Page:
Saturday 7 December 2019

We're driving ourselves to distraction with gadgets

Eddie Cunningham Motoring Editor

WE REALLY need to watch out; as we become so besotted with gadgetry in our cars we are putting our own safety at risk.

That is a simple, straightforward conclusion based on everyday observations but, far more importantly, on a major new study.

According to the hi-tech research, we have become so distracted by satnavs, for example, that we are taking our eyes off the road – every nine seconds.

The study used special eye-monitoring equipment and found that drivers spend 18pc of their time not watching the road at all while driving.

The research highlights something many people would have observed, especially over the past few years: that there is a huge temptation to fiddle and twiddle with devices – not to mention the use of mobile phones while at the wheel.

Drivers with a satnav, for example, were found to have had their eyes fixed on the display for 12pc of their total journey time. So, if they were travelling 100km, they would have driven 12km 'blind'. Just imagine that.

Drivers using satnav were also found to have spent six times longer watching – or messing with – their device than oncoming traffic.

The eye-tracking technology is highly sophisticated. It recorded eye movements. It found that those twiddling with satnav devices had their eyes off the road a dangerous amount of time.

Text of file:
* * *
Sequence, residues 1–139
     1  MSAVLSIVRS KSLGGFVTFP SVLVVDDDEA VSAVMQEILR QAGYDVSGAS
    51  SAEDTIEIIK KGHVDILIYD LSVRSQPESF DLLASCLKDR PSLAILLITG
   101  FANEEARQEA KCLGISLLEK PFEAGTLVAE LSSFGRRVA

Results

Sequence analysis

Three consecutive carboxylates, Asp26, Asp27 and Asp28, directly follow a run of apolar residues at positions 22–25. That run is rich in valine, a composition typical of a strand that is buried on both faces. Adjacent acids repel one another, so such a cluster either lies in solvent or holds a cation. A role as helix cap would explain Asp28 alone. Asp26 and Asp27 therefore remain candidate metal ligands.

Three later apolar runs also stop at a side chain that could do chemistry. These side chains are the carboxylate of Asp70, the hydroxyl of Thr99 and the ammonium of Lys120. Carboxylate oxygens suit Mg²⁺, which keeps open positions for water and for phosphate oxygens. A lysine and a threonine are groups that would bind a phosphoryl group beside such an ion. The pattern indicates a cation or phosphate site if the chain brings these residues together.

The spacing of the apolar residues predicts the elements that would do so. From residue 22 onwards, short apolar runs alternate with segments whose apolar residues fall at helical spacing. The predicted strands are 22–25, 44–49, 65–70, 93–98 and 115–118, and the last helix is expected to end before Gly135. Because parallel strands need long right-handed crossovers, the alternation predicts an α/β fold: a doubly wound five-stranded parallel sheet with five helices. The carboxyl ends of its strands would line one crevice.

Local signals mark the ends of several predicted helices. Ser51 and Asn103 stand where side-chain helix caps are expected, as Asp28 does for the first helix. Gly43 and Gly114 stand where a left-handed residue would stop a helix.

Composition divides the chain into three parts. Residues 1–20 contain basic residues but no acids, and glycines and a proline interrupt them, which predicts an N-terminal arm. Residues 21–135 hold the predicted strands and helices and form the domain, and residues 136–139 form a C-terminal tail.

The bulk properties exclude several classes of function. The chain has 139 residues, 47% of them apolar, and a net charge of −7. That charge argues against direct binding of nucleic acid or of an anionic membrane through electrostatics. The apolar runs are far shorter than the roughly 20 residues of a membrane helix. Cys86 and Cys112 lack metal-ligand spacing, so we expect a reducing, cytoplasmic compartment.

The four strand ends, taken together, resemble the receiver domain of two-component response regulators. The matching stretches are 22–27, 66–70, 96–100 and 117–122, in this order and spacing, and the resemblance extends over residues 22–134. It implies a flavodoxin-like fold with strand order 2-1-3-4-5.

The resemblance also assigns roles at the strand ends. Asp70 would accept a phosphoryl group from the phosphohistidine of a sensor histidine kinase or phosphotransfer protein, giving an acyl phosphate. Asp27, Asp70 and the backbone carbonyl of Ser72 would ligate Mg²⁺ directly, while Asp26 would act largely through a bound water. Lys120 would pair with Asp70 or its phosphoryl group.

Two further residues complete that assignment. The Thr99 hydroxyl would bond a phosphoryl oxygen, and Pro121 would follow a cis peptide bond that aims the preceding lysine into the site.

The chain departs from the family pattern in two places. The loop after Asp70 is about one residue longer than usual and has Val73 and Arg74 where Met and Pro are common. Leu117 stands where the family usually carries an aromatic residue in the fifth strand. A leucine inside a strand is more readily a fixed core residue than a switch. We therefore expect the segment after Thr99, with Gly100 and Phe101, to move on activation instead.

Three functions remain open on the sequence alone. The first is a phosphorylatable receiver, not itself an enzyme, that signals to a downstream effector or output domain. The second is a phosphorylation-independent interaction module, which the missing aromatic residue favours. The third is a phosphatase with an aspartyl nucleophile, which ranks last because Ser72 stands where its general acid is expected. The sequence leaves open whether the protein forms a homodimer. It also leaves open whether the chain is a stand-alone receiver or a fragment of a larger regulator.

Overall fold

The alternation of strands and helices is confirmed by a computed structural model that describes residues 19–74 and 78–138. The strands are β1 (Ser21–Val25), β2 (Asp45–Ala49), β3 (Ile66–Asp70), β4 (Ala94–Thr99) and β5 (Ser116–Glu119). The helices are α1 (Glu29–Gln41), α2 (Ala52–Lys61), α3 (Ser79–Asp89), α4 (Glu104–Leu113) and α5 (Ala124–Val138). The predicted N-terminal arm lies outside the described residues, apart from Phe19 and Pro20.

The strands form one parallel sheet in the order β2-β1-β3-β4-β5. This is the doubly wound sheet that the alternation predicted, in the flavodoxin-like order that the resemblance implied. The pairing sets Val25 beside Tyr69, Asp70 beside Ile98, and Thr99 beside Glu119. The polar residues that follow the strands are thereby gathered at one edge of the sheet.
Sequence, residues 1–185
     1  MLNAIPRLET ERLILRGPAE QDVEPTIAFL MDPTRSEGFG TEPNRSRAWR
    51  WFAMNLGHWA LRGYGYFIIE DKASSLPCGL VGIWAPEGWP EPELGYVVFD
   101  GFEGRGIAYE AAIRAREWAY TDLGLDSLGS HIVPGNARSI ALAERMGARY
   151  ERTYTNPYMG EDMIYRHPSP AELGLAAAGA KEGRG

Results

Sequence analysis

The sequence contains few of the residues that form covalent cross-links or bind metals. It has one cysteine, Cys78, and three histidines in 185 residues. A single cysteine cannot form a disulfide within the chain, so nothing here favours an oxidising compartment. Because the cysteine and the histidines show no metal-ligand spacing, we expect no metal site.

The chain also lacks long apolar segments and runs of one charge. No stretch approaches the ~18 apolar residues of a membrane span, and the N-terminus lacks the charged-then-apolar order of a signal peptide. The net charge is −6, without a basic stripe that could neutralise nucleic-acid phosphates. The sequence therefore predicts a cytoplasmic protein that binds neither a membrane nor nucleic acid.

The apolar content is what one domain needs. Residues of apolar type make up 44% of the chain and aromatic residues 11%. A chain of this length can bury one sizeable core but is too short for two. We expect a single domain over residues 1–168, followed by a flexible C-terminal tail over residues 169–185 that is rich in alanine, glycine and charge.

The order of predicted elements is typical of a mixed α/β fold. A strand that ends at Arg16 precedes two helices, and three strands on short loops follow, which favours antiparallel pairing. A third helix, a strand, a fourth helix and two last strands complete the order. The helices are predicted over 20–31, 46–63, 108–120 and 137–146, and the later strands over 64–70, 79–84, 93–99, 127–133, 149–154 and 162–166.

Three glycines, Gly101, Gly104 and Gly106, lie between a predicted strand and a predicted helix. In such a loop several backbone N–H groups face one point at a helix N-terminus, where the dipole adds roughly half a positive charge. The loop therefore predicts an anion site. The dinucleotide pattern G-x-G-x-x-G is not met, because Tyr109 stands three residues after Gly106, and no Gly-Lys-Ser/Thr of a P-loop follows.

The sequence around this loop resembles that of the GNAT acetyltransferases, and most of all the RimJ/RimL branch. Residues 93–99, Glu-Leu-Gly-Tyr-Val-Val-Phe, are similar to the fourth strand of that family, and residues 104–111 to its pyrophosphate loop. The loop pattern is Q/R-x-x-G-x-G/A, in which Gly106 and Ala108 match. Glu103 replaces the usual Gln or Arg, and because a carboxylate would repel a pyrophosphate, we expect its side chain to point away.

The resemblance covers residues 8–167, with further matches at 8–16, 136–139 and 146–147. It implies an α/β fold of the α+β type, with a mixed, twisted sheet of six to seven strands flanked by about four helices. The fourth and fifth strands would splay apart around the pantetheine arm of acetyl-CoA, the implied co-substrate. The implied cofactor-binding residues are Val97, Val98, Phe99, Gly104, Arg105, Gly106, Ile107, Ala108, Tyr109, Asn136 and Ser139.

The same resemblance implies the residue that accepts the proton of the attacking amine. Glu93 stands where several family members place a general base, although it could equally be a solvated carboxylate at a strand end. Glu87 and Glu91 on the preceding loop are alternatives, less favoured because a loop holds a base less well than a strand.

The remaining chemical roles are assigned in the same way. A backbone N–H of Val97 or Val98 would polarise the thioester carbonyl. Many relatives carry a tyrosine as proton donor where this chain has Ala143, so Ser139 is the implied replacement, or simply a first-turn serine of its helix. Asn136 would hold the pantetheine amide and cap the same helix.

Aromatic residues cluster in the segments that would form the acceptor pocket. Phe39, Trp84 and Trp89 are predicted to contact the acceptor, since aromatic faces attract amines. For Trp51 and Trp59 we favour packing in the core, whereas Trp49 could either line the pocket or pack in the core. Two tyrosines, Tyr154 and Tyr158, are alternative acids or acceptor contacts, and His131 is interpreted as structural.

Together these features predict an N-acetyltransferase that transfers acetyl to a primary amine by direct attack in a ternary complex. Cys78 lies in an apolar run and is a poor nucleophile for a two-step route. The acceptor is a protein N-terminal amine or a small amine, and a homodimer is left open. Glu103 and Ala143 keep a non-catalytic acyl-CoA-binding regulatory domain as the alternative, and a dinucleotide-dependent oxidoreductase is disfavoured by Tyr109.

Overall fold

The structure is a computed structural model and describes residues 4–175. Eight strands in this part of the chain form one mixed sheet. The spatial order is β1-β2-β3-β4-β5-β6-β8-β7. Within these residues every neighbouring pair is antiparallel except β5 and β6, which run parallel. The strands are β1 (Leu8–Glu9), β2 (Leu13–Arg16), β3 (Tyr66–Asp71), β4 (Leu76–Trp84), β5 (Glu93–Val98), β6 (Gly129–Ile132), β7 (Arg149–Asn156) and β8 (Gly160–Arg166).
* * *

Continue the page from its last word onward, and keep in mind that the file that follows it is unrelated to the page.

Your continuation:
Those taking part in the experiment wore special glasses for the duration of the tests. They monitored exactly what the driver's eye's were looking at.

It found that satnavs and mobile phones weren't the only distraction. For example, when drivers were not looking at the road ahead, they gazed at:

• Clouds.

• Scenery.

• Adverts.

Hard to believe when you see it in black and white but, perhaps, if we were honest about it, we might see some of our own failings.

But the frightening outcome is that the entire exercise shows, without any shadow of doubt, that those drivers took their eyes off the road every nine seconds.

The study was commissioned by insurer Direct Line.

By comparison, other research has shown that the average driver spends a mere 3.2pc checking their mirrors and 0.6pc of their time observing road signs.

And yet another survey really substantiates the trend towards drivers paying increasingly less attention to the road. Commissioned by, it discovered that 75pc of motorists admitted they had been distracted behind the wheel.

More than half (54pc) said they had changed music while driving; while 47pc had eaten or drank at the wheel.

The truly frightening thing about all the studies is that drivers are covering long distances without looking at the road.

We should get back to the real job at hand – driving safely with total focus on the road ahead of us.

Indo Motoring

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